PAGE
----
I gassed up and loaded up on burritos before dawn was even under construction. The GPS turned me off the main road a few miles into the trip. I fought back. I figured I might not have interstate all the way, but I wasn’t going to start with a 35 mph 2 lane. After a while, I got turned again. And again. The roads gradually grew smaller. At its most interesting, I had wheels on the line in the middle and on the line on the right edge, if you can call it that. It was interrupted with crevasses where the asphalt had crumbled and tumbled down to the creek bed a hundred feet below. There were coal mines I was really concerned when I saw the sign that suggested I should not rely on GPS navigation.
I do not have a box called a “proportional controller”, which is often found on vehicles towing trailers with electric brakes. I was told these electric brakes would operate from the taillight signals from the trailer plug. This was not true. Turbo Beast was having to stop all 16,000 pounds of plunder on its own. It had to stop often. West Virginia has a really endearing trick they play on you. You come spiraling down a mountain at breakneck speed and suddenly come out of the turn to discover a traffic light, which is ALWAYS red. The landscape would brighten, despite the overcast, as my brake rotors would go incandescent when I stood on the pedal.
As expected, the GPS eventually led me back to an Interstate and I eventually arrived at my destination in a county where every turn signal is red. I may have saved a few miles, but I was exhausted and hours late. It had taken three tanks of fuel to get here. Courtney, the trailer’s new owner, immediately decided I should figuratively thread a needle to get his trailer to where he wanted it. Then I had to jiggle and jog as he used a tape measure to insure that it was perfectly parallel to his shed. This was not the first time in the past 6 decades I had considered strangling him. After a brief tour of his workshop and a quick diagnosis of his skid steer’s starting problem, I grabbed a bottle of water and hit the road.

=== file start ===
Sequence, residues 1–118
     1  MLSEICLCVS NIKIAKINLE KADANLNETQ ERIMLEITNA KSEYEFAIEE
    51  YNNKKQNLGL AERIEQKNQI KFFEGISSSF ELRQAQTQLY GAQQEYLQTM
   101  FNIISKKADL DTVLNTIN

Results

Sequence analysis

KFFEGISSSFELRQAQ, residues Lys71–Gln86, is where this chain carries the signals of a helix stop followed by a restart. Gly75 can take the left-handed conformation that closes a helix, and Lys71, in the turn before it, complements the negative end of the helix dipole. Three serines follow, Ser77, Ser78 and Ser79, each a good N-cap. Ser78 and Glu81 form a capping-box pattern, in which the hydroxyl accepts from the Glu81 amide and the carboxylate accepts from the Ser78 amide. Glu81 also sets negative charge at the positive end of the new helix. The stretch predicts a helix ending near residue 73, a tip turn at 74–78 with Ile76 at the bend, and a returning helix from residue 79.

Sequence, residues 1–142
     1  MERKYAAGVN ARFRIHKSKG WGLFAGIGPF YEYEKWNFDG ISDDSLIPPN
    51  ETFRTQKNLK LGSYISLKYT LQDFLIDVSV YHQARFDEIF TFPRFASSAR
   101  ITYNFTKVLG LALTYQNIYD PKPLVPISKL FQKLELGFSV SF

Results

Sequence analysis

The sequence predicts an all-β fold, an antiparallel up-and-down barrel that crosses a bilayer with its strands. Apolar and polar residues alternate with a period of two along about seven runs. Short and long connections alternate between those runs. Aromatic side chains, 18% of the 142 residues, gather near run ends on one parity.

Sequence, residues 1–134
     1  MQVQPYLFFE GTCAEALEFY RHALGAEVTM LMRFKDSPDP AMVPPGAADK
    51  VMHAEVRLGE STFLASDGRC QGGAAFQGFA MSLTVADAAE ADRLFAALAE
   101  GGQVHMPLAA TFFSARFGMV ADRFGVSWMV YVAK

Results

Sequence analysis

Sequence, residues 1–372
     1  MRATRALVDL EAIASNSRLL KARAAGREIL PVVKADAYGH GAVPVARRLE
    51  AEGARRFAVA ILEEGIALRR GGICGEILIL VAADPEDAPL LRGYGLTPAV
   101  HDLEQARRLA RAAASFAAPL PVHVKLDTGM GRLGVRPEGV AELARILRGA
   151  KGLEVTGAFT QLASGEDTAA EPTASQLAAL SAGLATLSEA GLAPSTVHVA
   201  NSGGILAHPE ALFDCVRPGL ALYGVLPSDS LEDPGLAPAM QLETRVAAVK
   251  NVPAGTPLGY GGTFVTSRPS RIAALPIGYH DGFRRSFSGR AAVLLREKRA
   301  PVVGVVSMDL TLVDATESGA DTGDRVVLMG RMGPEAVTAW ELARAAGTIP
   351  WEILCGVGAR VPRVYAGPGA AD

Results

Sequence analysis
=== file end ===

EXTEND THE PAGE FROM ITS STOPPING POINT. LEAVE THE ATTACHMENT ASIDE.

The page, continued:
The morning’s navigation problem stemmed from my last trip to Miami. The Florida Turnpike had hit me up for nearly $50 going down with my trailer and I-95 turns into a toll nightmare in Miami, as well. I had instructed the GPS to avoid toll roads and it remembered. There is a toll road between Kentucky and North Carolina. This time I took it and made good time on the return to Kentucky. Unloaded it took only one tank of fuel, but construction work kept the speed down. It was very late when I returned, but I could not get another trailer before 8 am, so I got a few hours of sleep.
In the trailer’s cupboard you find a Midnite Solar charge controller and accessories good for 50 amps or so. A pair of Sunny Island inverters are linked to convert 48 VDC into 12kw of 110/220 AC. They can start the generator, too.
The batteries were not as advertised. They claimed they were each 485 ah, but they were really 540 ah, an improved model, too. But wait! There’s more! That 540 ah is for the 8 hour rate they use for forklifts. At the 20 hour rate solar folks use, that’s more along the lines of 850 ah EACH. Be still, my beating heart, as Mountfort once said. Mom used to say that, too. I got it from Mom. I don’t read Mountfort.
Let’s just think what you could do with that kind of power. Provide lights and power for an outdoor festival. Provide power for a remote construction site. Power your hunting camp or vacation cabin. Light up nighttime road work. Plug it into your house. Take your Les Paul or Strat and a Marshall stack to the boonies, crank it to 11 and let it wail! Let your imagination run wild.
The solar is limited. The panels can be upgraded. Any shortfall you can make up with an hour or two of Diesel time. You need to run it every now and then to equalize the batteries, anyway. What a handy contraption, this trailer!
Yeah, well I have another one to get to North Carolina. I got to the auction site early and was ready to go when Steve showed up. He signed off and I roared off, sticking to the four lanes. Turbo Beast’s brakes had an easy day of it, but he roared up the mountains. You tow with the overdrive turned off, so 70 mph is just a couple of hundred rpm off the redline. A steep hill gets the turbo really spun up and boy what a roar it is. It isn’t complaining, though. It seems to like being unleashed. Arrival at Courtney’s place is just before dark and I have to precisely place trailer #2 on the other side of the shed, though he does not use the ruler, this time. He tells me of his evolving plan to combine the trailers’ resources and a pallet of panels he already had. He figures he will be off grid within a few weeks. It’s late. I refill my water bottle get in the truck. There is a funny noise from the starter and a bad smell, but the engine started. Uh oh. I would avoid shutting off the engine until back at the hotel. Time to venture off in search of Diesel and food.